Avondale Estates City Commission approves historic preservation guidelinesPhoto obtained via the city of Avondale Estates website.
By Zoe Seiler, contributor
Avondale Estates, GA– The Avondale Estates City Commission approved the city’s new historic preservation guidelines on Monday, Aug. 24, as well as an intergovernmental agreement with the Downtown Development Authority.
The city had been working with the consulting firm Lord Aeck Sargent for several months to rewrite the historic preservation guidelines to make them more clear and consistent.
Avondale Estates was added to the National Register of Historic Places in 1986 “due to the character of the City’s architecture and landscape, and because it’s the only documented example in the southeastern United States of an early 20th century planned town,” the city’s website says.
The city was founded in 1924 as “the dream of founder George Willis, a patent medicine tycoon whose Tudor-revival concept was meant to mimic Stratford-upon-Avon, the birthplace of William Shakespeare,” Decaturish previously reported.
The overall goal of updating the guidelines was to make them more clear and objective in order to provide a clear, concise framework for homeowners, City Manager Patrick Bryant said at the Aug. 19 work session.
“Big picture, we’re looking at protecting the front facades of historic buildings and front yards which really set the stage and the character for Avondale,” Assistant City Manager Shannon Powell said at the Aug. 19 work session.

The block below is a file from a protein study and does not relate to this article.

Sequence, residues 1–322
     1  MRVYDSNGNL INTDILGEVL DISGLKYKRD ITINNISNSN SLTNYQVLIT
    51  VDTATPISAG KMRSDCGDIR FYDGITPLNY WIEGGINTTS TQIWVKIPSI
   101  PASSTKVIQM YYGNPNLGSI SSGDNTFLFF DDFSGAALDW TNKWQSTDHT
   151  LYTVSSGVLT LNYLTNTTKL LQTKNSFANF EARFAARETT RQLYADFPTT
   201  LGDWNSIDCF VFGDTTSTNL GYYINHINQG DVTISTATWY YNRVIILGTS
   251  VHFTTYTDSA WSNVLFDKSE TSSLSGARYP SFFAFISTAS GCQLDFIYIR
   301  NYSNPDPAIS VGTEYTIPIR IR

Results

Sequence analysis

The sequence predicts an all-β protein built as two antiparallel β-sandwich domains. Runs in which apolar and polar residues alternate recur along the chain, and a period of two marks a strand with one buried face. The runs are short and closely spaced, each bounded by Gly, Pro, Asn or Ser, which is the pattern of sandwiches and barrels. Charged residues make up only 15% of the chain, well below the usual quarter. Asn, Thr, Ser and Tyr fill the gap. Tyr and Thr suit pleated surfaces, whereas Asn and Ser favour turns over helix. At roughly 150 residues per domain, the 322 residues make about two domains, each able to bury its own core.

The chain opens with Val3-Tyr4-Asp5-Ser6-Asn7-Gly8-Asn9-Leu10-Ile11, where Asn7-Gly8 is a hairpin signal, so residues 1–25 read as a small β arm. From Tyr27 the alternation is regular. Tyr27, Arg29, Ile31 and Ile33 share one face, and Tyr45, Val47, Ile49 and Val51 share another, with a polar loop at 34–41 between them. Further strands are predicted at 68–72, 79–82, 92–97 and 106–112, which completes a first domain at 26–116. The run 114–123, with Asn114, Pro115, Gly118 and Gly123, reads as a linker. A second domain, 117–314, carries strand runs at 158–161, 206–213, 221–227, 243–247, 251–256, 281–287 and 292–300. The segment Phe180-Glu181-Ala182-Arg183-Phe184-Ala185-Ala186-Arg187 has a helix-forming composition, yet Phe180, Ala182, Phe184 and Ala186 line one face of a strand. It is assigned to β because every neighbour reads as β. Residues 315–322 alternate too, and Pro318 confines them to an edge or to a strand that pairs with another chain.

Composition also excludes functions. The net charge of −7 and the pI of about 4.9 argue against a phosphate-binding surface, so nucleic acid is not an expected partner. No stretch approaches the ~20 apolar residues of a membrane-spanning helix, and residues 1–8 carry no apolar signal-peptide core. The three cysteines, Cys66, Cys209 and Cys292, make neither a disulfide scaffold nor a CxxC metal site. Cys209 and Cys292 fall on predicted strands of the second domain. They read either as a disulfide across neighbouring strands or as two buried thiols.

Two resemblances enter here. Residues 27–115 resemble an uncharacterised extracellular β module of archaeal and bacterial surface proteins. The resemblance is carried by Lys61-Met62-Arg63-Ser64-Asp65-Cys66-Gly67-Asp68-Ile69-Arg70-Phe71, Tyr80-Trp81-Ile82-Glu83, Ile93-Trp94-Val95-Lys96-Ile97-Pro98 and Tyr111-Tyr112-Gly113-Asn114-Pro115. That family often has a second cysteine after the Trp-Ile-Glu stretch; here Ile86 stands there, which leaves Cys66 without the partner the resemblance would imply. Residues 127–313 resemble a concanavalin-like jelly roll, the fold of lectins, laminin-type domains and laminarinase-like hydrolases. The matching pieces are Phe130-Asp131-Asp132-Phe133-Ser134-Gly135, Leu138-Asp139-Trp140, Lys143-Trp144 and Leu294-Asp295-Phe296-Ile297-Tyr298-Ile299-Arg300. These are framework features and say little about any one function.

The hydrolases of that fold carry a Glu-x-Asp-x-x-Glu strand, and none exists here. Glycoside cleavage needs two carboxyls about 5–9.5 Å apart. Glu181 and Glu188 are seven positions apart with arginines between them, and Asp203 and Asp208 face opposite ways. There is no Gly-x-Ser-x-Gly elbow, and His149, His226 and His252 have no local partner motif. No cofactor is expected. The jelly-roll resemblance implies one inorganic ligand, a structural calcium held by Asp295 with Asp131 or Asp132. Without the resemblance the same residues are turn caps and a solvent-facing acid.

The City Commission approved the guidelines with a 4-1 vote. The guidelines will be launched following a reevaluation of tier one and tier two properties, Mayor Jonathan Elmore said.
“We’re going to go through a process to look at what properties are in and out or what the classification is and we don’t want to launch the guidelines until we have that finalized,” Elmore said.
Commissioner Lionel Laratte opposed the new guidelines. He added that city staff and the consulting firm did a good job and did what they were asked to do.
“However, I think we as a board missed the mark on providing a direction that would lead us down an important path for the city,” Laratte said. “I’m hoping we’ll be able to remedy that in the near future. I think this is a step in the right direction but I don’t think we’re there yet.”
The previous guidelines had a tier system for categorizing homes and specifying the changes homeowners could make to their properties. The biggest revision in the new guidelines is combining the tier one and tier two designations, Decaturish previously reported.
There will now be two categories instead of three as the tier one and tier two categories were almost identical, Powell said at the Aug. 19 work session.
“If you look at those comparison charts, you’ll see that we found that some of the expectations in the tier one were not necessary so we downgraded some of those. Then we added a restriction around dormers for tier two when we combined the two categories,” Powell said.
For tier three, the section that would have required a newly constructed house to look like an old one was removed, Powell said.
The city also received many comments about windows and a component was added so that residents can replace their windows.
“You can either repair, which is preferred in the historical language, but there is a provision on how to do that,” Powell said.
The commissioners said they were happy with the new guidelines but added some things to think about in the future.
Mayor Pro Tem Brian Fisher said the new guidelines are a good first step and accomplished the city’s current goal of making the guidelines easier to understand. However, he added that the city should think about what it wants to get out of the historic district in the future.